anson mills white grits...
Originally uploaded by

Friday, April 11, 2008

art and leisure...(read a good poem)

perhaps one night i will write about a friday night at a rad party downtown, where i rubbed asses and elbows with some cool cats, and was ever so elegant, all the while sipping unlimited top-shelf liquor...perhaps, perhaps, perhaps.

but this friday night was more like:
a leisurely walk home from work, with a detour through the grand central marketplace, for veggies and some cajun catfish and stuffed brook trout from my favorite fishmongers (wild edibles).
then my dad stopped by for a quick chat...and then...i ran around the block to the morgan library, which is free on friday nights, from 7pm-9pm (love free admission!). i was pleased to catch “close encounters: irving penn portraits of artists and writers” (it closes tomorrow).
(i can cross 2 items off my new year's "to-do" list, as i have finally made it to the morgan musem and scandinavia house.)

i'd never visited the morgan library, so i have no sense of what it looked like prior to the renzo piano expansion. but i love the feeling of standing in the glass-enclosed central atrium--there was classical music resounding, courtesy of a cellist and violinist from the mannes college of music, and there was that wonderful, curious museum "buzz" (but without the awful crowding that's typical of most museums here, especially during "free admission" hours). there is a cafe in the central atrium, too, which is strangely not cordoned off. nevertheless, i imagine it's lovely to sip tea or a glass of wine there in afternoon.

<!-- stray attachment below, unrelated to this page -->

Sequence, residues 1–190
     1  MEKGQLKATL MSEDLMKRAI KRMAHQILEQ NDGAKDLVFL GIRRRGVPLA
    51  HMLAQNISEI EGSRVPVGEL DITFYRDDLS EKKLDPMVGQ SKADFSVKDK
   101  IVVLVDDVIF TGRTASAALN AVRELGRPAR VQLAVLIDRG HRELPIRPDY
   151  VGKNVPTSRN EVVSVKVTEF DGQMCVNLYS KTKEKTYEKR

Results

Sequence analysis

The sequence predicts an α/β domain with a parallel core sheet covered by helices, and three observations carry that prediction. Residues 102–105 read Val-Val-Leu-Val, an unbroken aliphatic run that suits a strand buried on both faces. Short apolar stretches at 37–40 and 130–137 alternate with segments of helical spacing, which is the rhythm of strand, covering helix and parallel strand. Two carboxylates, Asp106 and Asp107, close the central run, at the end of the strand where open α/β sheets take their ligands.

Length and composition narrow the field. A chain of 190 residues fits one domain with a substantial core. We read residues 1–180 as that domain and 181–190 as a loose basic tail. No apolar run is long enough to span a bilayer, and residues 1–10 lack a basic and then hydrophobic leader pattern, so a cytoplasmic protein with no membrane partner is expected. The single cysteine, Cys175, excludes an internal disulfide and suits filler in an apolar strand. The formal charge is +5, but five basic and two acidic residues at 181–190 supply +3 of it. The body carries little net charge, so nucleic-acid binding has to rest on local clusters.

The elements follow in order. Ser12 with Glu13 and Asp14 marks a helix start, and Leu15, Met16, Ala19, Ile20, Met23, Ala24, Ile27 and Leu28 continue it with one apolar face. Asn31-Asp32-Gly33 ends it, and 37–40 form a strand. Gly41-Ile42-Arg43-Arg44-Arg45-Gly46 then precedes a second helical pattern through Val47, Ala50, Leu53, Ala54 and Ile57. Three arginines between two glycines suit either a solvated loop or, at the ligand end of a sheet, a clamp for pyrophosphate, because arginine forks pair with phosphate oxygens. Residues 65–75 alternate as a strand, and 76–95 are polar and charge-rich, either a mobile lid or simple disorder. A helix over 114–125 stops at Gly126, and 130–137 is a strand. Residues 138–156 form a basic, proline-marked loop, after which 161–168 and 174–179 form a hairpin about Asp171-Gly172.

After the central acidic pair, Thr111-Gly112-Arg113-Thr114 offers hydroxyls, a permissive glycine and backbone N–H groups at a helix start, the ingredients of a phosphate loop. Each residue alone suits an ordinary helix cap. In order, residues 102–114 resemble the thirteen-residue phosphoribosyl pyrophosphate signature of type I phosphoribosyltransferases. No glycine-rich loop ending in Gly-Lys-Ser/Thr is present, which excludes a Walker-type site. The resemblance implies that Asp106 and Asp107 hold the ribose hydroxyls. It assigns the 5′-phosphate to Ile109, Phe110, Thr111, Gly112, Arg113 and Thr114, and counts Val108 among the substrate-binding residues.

because the main entrance was so terrifically roomy, i was surprised by the hearty numbers in the smaller east and west galleries. but it was still relatively easy to make a little space for oneself and linger over the work.

my favorite photos from the exhibition cannot be found online (i've been searching for the past 3 hours, so far, no luck):
edward albee, photographed in new york, 1962 (my absolute favorite from the show. albee here, as mark feeney notes, is "all cigarette and eyelashes");
vladimir nabokov (chasing butterflies), northern italy, 1948;
joan miro and his daughter, dolores, photographed in tarragona, spain, 1948 (penn's homage to the balthus painting, joan miro and his daughter dolores).

(you can see some of the photos from the exhibition, courtesy of the nytimes; a related slideshow is hosted by men's vogue ... )

and then i dropped a load on a few "sale" books about toulouse-lautrec, bonnard and vuillard at the store (so much for my "free" night at the museum), reminders of my recent trip to paris.

i made it back home in time to watch the last four innings of game 1 of the yanks/red sox series at fenway. chien-ming wang threw a complete game, two-hitter. final score: 4-1.

rather sedate, but not too shabby a friday night, all the way around!

more on the renzo piano expansion, which was completed in 2006, here.

and lastly, tonight's poem (another from babette deutsch): "string quartet."

Thursday, April 10, 2008

read a good poem: "gentle as silence"

day's end. lourdes.
Originally uploaded by

"Need" from The Collected Poems of Babette Deutsch
Babette Deutsch

What do we need for love—a midnight fire
Flinging itself by fistfuls up the chimney